Lindqvist et al (14) studied the 10-year outcome in a prospective cohort of patients with early RA. They showed that 133 patients (79%) had relapsing–remitting disease (no active joints on examination at ≥1 followup visit during 10 years). These patients had a significantly lower HAQ score (P = 0.013) after 10 years than patients with continuous active disease (data not shown). At the 10-year followup visit, 30 patients (18%) were in remission for a median of 13 months.
Influence of sustained remission on radiographic progression, and sometimes also physical function, in patients using DMARDs.
Molenaar et al (15) studied the radiographic progression in patients with RA in clinical remission for at least the preceding 6 months. Clinical remission was defined as a normal erythrocyte sedimentation rate and meeting 3 of the 4 remaining ACR remission criteria (fatigue was not measured). In the study period, the ACR remission definition (meeting 5 of the 5 ACR remission criteria) and the original DAS definition (DAS <1.6) were applied. Radiographs of hands and feet were obtained at baseline, 1 year, and 2 years, and were scored according to the Sharp/van der Heijde method (16, 17). Of the 187 included patients, remission persisted in 52% of the total cohort, in 59% of the patients in ACR remission, and in 42% of the patients in DAS remission. Compared with patients with an exacerbation during followup, patients in persistent clinical remission were less likely (7% versus 23%; P = 0.05) to have relevant radiographic progression (change in Sharp/van der Heijde ≥5). For the ACR criteria, these percentages were 7% for the remission group versus 10% for the patients with an exacerbation (P = 0.053) (3), and for the DAS were 6% versus 17% (P = 0.017). Of the patients in persistent clinical remission (as defined by the authors) for 2 years, 15% developed erosions in a previously unaffected joint. The authors concluded that radiologic progression could occur during all 3 defined states of persistent clinical remission.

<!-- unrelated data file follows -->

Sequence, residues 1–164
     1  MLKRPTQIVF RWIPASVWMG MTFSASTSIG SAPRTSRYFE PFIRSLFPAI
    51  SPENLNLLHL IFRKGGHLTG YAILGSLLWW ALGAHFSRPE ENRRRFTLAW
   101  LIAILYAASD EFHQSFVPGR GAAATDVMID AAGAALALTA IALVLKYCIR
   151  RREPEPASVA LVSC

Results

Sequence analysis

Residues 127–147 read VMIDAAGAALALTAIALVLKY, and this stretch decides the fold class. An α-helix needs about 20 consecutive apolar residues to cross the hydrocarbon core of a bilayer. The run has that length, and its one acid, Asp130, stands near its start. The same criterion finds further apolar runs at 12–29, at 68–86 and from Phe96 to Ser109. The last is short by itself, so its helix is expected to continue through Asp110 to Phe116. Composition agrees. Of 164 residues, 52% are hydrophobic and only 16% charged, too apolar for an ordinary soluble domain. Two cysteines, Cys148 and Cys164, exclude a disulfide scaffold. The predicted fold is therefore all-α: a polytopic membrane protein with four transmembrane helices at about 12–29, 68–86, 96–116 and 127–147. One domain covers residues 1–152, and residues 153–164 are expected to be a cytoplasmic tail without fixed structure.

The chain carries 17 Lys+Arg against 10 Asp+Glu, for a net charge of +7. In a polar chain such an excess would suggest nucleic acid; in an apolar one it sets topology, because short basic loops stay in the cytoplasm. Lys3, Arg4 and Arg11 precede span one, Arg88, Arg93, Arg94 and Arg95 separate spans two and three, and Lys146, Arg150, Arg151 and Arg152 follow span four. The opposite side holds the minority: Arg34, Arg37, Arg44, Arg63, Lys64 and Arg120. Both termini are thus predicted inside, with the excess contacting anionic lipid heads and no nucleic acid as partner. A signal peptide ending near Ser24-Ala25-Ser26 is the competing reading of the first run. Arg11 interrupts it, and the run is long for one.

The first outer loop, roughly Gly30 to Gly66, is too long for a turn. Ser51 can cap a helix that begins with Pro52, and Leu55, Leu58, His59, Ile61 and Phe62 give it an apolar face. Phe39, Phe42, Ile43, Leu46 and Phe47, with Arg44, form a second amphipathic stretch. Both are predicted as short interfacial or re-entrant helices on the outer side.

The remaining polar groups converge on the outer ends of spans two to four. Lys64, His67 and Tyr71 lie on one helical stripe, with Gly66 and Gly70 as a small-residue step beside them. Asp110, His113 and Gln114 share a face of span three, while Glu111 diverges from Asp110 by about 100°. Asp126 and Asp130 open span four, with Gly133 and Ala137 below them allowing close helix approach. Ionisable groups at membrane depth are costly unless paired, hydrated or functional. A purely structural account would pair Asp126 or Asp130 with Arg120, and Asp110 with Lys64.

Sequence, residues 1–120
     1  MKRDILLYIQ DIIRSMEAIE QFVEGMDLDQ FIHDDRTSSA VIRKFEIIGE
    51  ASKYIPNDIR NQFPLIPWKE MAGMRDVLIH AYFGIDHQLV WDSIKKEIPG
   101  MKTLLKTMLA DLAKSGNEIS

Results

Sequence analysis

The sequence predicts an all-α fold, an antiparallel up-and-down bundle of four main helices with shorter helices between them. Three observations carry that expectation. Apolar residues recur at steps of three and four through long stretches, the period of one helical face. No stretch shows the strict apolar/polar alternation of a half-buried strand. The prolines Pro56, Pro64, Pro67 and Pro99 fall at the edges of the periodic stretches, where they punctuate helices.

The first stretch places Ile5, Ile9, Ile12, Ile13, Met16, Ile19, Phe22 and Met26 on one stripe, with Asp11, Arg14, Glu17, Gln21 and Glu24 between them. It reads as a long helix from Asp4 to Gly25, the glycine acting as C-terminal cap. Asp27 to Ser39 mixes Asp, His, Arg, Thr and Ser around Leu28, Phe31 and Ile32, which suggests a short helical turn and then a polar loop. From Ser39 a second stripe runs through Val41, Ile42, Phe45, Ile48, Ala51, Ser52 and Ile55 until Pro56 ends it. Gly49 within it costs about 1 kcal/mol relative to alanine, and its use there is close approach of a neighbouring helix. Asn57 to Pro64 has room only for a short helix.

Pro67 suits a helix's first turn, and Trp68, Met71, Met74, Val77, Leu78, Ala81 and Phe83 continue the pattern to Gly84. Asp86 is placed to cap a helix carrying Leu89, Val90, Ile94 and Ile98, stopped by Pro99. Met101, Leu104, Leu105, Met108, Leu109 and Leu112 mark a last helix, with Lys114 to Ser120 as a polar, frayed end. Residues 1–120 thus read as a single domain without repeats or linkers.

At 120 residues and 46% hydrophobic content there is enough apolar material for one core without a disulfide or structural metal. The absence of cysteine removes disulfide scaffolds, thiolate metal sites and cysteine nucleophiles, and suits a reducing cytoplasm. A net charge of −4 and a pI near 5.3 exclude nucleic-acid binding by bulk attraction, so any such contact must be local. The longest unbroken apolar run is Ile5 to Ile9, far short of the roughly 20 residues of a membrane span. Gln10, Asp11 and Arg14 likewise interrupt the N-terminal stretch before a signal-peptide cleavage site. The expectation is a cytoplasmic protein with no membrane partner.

Aletaha et al (18) studied, among other things, the construct validity of the SDAI and the DAS28 by evaluating the association between the time spent in SDAI- and DAS28- defined remission, and radiographic progression over 36 months in a cohort of 56 patients with RA. In this study, remission was defined as an SDAI score ≤3.3 or a DAS28 <2.4. These cutoff values were calculated based on the expert opinion of 35 rheumatologists who judged the disease activity of paper patients (from 32 different patient profiles). Three groups were compared: patients never in remission, patients 3–18 months in remission, and patients 21–36 months in remission. They found that the longer the patient remained in SDAI remission or DAS28 remission, the less likely the patient was to progress radiologically (P < 0.01). A similar relationship was observed with patients in high disease activity: the longer that patients remained in high disease activity, the more likely they were to progress radiologically.